Spanish and English Literature of the 16th and 17th Centuries: Studies in Discretion, Illusion and Mutability

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Cambridge University Press, Oct 9, 1980 - Literary Criticism - 281 pages
Edward M. Wilson's reputation as a scholar of Calderón, and of classical Spanish literature in general, is almost unrivalled. He was also an expert in English works of the sixteenth and seventeenth centuries and in the popular literature of both languages. These essays, written at various stages of Wilson's career, reflect his scholarship in all these fields. They also reveal the recurrent themes which Wilson found in the literature of this period: discretion and the dangers of rashness, and desengaño, the need to rid oneself of worldly illusions. Eight of the fourteen articles concentrate on different aspects of Calderón's work, revealing the playwright's consistency of outlook. The essays on Lope de Vega deal with three of his most important plays. Wilson's study of Othello shows the special insight that may be gained into Elizabethan drama by a scholar of the contemporary Spanish theatre.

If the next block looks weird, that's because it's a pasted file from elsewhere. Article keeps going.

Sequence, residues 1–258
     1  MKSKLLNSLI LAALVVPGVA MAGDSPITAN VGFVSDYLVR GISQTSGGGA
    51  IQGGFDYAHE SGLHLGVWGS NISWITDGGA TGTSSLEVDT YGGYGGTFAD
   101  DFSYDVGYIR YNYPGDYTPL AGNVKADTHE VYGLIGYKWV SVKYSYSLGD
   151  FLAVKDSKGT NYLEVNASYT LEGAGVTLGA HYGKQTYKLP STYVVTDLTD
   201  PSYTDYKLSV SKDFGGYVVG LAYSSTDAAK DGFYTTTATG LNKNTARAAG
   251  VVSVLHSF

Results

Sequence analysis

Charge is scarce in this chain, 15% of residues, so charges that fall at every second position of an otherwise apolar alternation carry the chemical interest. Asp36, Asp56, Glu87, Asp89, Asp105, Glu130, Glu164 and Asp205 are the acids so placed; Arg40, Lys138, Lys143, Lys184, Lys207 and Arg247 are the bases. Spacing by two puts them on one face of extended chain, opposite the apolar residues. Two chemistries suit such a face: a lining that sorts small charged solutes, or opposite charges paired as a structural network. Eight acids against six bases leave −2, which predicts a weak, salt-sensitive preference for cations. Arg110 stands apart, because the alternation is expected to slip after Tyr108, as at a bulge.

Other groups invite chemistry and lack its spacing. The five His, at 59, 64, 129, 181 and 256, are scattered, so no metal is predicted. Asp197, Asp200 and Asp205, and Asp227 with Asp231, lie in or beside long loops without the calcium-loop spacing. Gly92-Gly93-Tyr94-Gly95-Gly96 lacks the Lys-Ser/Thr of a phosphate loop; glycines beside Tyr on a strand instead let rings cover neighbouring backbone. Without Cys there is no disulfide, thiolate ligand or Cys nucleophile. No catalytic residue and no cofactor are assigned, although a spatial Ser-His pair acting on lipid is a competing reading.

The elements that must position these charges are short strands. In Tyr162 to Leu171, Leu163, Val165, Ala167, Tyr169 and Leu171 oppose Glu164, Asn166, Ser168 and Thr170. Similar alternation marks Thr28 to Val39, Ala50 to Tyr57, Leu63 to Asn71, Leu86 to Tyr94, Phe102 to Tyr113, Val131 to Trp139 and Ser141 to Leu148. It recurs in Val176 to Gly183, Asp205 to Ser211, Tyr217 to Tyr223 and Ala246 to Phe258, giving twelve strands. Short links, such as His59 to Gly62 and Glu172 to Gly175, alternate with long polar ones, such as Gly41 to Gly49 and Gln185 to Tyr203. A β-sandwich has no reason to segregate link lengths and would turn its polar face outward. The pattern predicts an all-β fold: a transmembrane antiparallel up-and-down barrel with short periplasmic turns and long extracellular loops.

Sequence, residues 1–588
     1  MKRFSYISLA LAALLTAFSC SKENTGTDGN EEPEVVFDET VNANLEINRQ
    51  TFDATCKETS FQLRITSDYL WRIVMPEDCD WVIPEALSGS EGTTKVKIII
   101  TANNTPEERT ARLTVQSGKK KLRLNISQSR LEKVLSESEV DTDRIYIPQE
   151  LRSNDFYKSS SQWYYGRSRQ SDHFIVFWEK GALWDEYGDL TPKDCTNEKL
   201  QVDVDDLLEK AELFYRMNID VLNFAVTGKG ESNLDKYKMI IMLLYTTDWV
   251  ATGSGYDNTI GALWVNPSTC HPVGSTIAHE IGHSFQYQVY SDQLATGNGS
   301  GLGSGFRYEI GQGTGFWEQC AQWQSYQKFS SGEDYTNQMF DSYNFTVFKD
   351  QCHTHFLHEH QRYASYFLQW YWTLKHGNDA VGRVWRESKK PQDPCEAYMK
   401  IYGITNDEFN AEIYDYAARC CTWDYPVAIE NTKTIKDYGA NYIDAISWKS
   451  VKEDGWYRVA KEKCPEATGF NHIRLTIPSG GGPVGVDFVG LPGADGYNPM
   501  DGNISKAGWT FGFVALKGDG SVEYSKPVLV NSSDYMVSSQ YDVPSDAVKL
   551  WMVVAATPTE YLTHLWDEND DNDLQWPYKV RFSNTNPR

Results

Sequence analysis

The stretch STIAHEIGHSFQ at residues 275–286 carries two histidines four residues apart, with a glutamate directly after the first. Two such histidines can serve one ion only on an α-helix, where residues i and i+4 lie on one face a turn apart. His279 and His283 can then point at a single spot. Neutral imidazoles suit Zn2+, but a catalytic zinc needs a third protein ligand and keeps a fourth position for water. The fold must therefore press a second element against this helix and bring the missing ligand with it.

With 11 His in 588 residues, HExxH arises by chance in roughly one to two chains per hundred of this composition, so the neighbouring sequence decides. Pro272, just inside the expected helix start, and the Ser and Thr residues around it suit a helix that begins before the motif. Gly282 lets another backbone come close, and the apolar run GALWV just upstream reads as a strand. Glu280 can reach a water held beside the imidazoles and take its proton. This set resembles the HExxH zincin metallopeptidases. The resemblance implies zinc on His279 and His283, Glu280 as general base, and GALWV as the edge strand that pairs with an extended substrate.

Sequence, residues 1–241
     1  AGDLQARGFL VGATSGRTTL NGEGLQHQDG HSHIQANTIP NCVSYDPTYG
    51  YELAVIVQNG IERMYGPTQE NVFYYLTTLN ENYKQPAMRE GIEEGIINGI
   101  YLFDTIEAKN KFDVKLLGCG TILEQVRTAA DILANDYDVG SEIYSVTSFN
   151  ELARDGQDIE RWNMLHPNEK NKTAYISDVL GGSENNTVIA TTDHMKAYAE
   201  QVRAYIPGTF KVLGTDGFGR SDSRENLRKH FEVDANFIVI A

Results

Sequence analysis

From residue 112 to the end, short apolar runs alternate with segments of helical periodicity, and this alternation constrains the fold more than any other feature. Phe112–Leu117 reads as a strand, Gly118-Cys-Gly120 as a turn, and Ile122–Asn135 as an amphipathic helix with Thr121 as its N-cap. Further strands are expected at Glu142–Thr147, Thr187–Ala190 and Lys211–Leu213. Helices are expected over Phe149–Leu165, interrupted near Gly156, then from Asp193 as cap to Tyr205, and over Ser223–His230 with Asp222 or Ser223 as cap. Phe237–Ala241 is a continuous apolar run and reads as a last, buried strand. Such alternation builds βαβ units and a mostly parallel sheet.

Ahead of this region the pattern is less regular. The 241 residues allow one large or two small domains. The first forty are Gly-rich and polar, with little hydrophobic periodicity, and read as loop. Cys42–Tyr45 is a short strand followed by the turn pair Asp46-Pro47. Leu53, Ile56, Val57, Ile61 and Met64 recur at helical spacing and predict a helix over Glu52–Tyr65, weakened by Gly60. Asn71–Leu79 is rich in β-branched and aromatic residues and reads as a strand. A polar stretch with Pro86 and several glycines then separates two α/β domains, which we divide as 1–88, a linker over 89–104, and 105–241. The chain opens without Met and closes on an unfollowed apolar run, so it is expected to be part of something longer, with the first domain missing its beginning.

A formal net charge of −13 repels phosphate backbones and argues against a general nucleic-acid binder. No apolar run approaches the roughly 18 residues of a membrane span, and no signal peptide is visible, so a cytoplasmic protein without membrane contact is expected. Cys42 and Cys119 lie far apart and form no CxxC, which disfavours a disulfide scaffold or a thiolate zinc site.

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Contents

The four elements in the imagery of Calderon i
1
the Constant Prince
15
On La vida es sueno
27
The discretion of Don Lope de Almeida
48
Towards an appreciation of El pintor de su deshonra
65
The cloak and sword plays
90
Frontispiece oiPsalle et site first edition facing page
105
Calderons dramatic poetry
116
Quando Lope quiere quiere
155
The exemplary nature of El caballero de Olmedo
184
A Hispanist looks at Othello
201
Tragic themes in Spanish ballads
220
Spanish and English religious poetry of the seventeenth century
234
Notes
243
Index of names and titles of works
271
250
272

Images and structure in Peribdnez
130

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